Taste and see: Savory meat
In 2008, we have the opportunity to celebrate the centennial of MSG! In 1908, Japanese scientist Kikunae Ikeda isolated MSG—monosodium glutamate—and introduced the concept of a fifth taste: umami. I personally hadn’t heard of it until this past autumn and had been getting along just fine with salty, sour, sweet and bitter. Now suddenly my sense of contentment has been disturbed by the discovery of umami.
This taste sense is hardly new. The ancient Chinese had a symbol for it, the Japanese named it, and in English the idea comes close to “savory.” Ikeda’s contribution was working with seaweed broth to produce MSG, which makes meat taste, well, more like meat.
Pondering the idea of umami, I thought of Isaac and Rebekah in Genesis 27. There we learn that the patriarch asked for “savory meat,” which he emphatically loved. He asked favored son Esau to kill for it. At the same time, Esau’s brother, Jacob, and his mother, Rebekah, tricked Isaac, who was by then dim of both eye and wit. Jacob came away with the blessing intended for his brother, the greatest boon in the history of sibling rivalry.
Millennia later, Isaac’s obsession remains. Chefs, food producers, recipe writers and restaurateurs can’t press ahead fast enough with umami-enhanced foods, most of which taste much better than seaweed: wines, ketchup, soy sauce and parmesan cheese.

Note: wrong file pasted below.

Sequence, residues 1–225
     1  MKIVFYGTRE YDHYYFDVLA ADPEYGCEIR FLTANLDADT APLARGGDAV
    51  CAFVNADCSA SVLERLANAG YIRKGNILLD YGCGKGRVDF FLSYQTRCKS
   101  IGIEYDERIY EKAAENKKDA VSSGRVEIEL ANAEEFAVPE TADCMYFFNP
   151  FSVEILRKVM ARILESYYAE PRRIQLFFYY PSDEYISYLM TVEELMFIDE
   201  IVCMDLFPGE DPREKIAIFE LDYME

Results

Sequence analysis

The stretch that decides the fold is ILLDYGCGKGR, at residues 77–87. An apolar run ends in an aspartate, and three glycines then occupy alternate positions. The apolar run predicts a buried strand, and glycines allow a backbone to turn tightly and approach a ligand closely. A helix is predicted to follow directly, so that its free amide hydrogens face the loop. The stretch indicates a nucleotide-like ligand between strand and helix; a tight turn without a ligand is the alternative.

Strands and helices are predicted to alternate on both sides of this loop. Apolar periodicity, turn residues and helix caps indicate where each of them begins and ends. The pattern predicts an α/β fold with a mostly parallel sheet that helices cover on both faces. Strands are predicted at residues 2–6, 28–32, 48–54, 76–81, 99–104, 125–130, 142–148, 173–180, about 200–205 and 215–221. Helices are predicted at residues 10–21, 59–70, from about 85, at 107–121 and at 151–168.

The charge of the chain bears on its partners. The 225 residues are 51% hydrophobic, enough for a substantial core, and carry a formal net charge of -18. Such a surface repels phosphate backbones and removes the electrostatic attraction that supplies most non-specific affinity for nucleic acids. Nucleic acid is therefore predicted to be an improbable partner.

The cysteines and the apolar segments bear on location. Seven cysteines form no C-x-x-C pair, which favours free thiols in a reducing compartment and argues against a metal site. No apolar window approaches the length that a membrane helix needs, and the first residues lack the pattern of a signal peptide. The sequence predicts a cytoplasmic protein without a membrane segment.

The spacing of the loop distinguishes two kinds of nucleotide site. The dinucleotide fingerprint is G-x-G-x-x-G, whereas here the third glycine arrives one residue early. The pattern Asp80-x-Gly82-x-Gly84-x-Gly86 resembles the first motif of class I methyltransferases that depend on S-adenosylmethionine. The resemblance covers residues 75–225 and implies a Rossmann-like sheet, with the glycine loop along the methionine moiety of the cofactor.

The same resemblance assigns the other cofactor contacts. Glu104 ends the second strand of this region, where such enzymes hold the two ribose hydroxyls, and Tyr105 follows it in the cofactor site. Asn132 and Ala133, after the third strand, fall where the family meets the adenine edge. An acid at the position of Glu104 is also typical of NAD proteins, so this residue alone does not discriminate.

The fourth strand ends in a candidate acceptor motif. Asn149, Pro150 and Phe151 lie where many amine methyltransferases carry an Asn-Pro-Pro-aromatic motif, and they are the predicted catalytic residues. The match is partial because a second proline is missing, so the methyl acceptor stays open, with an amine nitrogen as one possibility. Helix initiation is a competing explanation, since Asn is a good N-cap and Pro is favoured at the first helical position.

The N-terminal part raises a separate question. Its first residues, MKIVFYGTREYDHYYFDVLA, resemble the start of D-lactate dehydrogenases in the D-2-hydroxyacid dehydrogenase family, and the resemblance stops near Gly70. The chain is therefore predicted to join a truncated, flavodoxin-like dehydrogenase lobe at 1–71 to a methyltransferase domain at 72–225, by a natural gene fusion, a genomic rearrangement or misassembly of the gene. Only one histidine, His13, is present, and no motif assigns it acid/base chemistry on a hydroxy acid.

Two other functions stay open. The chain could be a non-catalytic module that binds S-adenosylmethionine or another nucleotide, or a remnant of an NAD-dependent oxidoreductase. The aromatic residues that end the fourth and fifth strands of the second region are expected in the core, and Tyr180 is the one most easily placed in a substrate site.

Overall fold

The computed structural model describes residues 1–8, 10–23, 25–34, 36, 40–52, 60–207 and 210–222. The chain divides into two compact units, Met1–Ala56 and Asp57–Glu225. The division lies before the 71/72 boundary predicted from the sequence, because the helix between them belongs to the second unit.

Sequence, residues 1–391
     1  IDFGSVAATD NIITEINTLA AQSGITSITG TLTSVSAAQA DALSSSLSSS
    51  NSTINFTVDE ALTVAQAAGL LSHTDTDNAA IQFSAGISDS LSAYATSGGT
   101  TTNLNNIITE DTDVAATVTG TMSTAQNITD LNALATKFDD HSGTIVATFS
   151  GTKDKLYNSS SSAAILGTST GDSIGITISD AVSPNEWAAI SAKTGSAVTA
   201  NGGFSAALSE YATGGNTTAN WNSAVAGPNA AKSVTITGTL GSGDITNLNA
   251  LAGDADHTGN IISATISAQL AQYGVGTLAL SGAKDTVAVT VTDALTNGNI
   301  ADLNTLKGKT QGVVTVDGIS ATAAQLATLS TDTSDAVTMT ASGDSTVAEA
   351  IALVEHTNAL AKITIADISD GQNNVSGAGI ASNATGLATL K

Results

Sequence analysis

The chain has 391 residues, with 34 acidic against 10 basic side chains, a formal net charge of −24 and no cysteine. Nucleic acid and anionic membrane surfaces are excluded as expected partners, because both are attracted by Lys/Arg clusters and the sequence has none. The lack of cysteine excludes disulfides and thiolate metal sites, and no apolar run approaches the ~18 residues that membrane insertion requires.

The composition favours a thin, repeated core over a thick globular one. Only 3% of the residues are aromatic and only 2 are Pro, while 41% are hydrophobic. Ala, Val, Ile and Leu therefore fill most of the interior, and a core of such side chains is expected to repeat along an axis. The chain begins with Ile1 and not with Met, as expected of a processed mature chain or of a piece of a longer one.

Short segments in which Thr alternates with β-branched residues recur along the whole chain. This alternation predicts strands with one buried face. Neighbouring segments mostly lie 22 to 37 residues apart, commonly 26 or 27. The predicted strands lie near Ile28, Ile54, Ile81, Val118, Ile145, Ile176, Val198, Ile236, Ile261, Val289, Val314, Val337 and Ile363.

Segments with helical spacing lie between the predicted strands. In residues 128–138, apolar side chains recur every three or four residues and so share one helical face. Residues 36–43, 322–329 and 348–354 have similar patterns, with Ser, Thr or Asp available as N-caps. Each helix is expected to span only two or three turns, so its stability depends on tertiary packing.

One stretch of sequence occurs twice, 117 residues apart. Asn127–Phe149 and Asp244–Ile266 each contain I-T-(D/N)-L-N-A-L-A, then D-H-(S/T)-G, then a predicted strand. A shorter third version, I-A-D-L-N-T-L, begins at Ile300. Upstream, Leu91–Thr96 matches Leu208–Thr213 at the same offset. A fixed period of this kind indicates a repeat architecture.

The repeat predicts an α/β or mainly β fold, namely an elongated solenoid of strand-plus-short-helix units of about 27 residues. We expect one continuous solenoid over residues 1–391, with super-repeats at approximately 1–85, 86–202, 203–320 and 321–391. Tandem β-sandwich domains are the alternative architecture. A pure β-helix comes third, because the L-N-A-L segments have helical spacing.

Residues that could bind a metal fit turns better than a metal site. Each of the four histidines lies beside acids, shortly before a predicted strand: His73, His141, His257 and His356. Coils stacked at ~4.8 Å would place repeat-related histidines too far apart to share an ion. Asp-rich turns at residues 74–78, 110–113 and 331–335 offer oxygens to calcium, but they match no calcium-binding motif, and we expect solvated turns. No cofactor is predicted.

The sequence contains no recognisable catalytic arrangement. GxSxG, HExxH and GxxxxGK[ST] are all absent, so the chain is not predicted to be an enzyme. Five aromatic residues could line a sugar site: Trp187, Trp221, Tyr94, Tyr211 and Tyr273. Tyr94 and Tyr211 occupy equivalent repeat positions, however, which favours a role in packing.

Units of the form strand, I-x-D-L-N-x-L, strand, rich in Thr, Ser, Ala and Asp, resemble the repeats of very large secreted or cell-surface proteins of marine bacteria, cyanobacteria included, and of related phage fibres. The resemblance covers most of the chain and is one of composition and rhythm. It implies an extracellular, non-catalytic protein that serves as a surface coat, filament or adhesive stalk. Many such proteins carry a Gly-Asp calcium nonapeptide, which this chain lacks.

When high on umami, I find myself transposing the concept to other senses. Doesn’t umami apply visually, for example, to colors that come alive?
Recently a friend told me that she had felt cheated when, in the kindergarten scramble for Crayolas, she got short-changed and had to settle for tan. That reminded me of the color my mother used to dye worn curtains. When we kids went along to shop for dye, we saw alluring greens and purples and reds for sale, but she would order ecru, the most visually unsavory hue I can think of.
H. G. Wells had heard how Immanuel Kant and Blaise Pascal were dazzled and stunned by the starry heavens, but he confessed that the modern experience of disenchantment had left him with a visually un-umami experience: when he looked at the heavens, stars meant no more to him than the faded wallpaper in a suburban railway station. His eyes needed a dose of visual MSG.
Consider then the spiritual dimensions of umami. Think of the times when you were a visitor to a church where the preacher was as uncharismatic as ecru, or so unimaginative that the presence of the Holy One was diminished to tan. And instead of the divine elemental roar of the organ or the enticements of the flute, a desperate and weary song leader pleads: “Now, sing it once more, but this time with feeling!” Too little and too late.
An old Hasidic teaching warns that we will be punished in the life to come for every taste we have neglected in this one. Let’s enjoy the prospect of paradise while meeting the challenge at the earthly table, the humble hamburger whose enlivener is ketchup or the gourmet restaurant that offers “umami bombs,” for a high dose of MSG.
Isaac in his dotage is an unlikely icon for our times. Yet we remember that in one late umami-inspired moment, he roused himself to confess his passion. He ordered his son, “Make me savory meat, such as I love, and bring it to me, that I may eat.” An umami bomb perhaps, almost literally, “to die for.” And now we all get the blessing.